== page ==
• If you don’t define target namespace to the Schema, it results in conflicts. So it is advised to give TargetNamesapce always.
  • Each element can have a different namesapce associated with it, but all those elements defined with in the schema should be aligned to a single target namespace. This is just a declaration and make sure you do not use predefined namespace (soap, soap12 etc) for the targetNamespace.

Now let’s see more examples to understand more about XSD:

For the below XML, there are two elements with same name but with different namespace. If you generate XSD out of this XML document using JDeveloper you’ll get an XSD in which you can see only one element is created for both the elements. But this is not correct to use in real time. Better to have a separate declaration for two different <employee> elements in XSD file also.

5.png

You can create an XSD for the above XML as given below also, where two separate elements created though having same name for the elements in XML. This is recommended over above.

6.PNG

In the above example, there are two element with same name (employee), so it is difficult for you to work with this kind of XSD file in SOA. So it is always advisable to have different names. such as employee_orgA, employee_orgB.

7.PNG

 

Now assume if the two element with same name ’employee’ have sub elements with same name and one element has one more extra field, then you can prepare your XSD as given below.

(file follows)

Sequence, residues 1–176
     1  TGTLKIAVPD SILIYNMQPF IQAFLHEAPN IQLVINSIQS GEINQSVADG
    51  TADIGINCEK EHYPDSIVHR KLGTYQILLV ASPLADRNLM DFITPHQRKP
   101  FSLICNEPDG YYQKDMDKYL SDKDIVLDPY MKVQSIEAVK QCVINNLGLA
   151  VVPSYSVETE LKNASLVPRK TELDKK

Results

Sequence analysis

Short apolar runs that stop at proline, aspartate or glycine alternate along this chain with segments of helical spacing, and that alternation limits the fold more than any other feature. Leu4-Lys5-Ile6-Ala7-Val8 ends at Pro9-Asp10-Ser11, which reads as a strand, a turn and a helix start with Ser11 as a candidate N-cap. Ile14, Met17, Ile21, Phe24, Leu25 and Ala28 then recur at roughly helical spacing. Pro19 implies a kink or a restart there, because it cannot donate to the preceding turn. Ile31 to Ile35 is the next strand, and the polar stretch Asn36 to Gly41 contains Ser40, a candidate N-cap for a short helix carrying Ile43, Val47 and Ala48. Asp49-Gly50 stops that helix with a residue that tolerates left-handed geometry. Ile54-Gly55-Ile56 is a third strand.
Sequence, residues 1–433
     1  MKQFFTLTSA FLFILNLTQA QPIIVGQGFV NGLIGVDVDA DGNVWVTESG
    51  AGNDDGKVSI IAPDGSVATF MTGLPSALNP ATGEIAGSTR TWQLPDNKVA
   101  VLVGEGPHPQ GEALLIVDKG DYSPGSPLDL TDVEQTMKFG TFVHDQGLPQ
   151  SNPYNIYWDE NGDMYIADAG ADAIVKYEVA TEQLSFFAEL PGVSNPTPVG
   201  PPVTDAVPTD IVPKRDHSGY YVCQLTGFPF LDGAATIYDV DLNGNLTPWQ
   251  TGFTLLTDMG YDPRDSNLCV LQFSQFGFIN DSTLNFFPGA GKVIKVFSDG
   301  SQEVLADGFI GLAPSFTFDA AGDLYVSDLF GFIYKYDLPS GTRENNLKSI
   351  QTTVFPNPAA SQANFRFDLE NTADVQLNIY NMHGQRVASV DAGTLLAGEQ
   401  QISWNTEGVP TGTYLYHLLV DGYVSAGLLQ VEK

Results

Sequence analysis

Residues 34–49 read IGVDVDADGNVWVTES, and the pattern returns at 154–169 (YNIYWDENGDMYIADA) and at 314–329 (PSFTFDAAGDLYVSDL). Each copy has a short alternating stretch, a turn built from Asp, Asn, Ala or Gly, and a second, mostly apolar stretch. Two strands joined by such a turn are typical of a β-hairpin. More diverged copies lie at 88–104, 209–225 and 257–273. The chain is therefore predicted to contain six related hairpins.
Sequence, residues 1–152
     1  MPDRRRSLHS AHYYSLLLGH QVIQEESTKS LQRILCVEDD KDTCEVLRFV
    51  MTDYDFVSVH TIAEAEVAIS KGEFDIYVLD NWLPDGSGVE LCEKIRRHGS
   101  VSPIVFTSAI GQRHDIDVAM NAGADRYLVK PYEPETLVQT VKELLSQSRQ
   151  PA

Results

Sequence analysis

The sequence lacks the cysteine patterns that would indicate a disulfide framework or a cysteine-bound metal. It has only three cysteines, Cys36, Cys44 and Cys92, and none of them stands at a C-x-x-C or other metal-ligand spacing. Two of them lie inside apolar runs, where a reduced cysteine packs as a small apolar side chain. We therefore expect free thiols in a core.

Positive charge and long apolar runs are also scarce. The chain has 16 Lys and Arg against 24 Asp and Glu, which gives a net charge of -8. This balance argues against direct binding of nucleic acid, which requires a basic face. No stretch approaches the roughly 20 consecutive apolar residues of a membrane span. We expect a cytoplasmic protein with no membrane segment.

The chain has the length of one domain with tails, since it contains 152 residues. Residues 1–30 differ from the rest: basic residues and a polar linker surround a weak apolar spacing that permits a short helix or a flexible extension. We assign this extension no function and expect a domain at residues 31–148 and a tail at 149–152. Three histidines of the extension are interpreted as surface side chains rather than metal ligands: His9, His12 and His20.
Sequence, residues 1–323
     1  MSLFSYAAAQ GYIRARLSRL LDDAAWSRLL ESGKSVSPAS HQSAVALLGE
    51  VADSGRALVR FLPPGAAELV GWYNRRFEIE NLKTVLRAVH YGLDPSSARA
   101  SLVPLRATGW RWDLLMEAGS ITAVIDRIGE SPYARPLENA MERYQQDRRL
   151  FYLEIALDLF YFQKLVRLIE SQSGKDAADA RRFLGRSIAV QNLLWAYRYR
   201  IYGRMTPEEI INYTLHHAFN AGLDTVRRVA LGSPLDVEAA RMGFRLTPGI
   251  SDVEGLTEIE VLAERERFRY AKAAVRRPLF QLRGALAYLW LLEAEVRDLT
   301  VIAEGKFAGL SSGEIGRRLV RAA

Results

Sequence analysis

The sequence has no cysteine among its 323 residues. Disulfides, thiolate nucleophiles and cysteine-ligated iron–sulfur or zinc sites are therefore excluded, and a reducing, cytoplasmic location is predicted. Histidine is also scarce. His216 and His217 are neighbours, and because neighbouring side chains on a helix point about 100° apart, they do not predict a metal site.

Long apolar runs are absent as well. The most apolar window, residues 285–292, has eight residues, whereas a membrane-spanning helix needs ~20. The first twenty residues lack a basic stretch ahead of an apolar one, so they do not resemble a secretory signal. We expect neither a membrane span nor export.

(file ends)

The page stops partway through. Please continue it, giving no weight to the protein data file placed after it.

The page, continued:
8.png

The source code for the above will be as given below.

<?xml version="1.0" encoding="windows-1252" ?>
<xsd:schema xmlns:xsd="http://www.w3.org/2001/XMLSchema" xmlns="http://www.emp.org" targetNamespace="http://www.emp.org"
 elementFormDefault="qualified">
 <xsd:element name="Employee">
 <xsd:complexType>
 <xsd:sequence>
 <xsd:element name="employee_orgA" maxOccurs="unbounded" type="emp_commonType"/>
 <xsd:element name="employee_orgB">
 <xsd:complexType>
 <xsd:sequence>
 <xsd:element name="empCommon" type="emp_commonType"/>
 <xsd:element name="address"/>
 </xsd:sequence>
 </xsd:complexType>
 </xsd:element>
 </xsd:sequence>
 </xsd:complexType>
 </xsd:element>
 <xsd:complexType name="emp_commonType">
 <xsd:sequence>
 <xsd:element name="name" type="xsd:string"/>
 <xsd:element name="id" type="xsd:integer"/>
 <xsd:element name="email" type="xsd:string"/>
 <xsd:element name="phNum" type="xsd:string"/>
 </xsd:sequence>
 </xsd:complexType>
</xsd:schema>

 

Another XSD document for a sample XML document can be created as given below.

9

The above XSD can also be written as given below.

10

 

Advertisements

Leave a Reply

Fill in your details below or click an icon to log in:

WordPress.com Logo

You are commenting using your WordPress.com account. Log Out /  Change )

Google+ photo

You are commenting using your Google+ account. Log Out /  Change )

Twitter picture

You are commenting using your Twitter account. Log Out /  Change )

Facebook photo

You are commenting using your Facebook account. Log Out /  Change )

Connecting to %s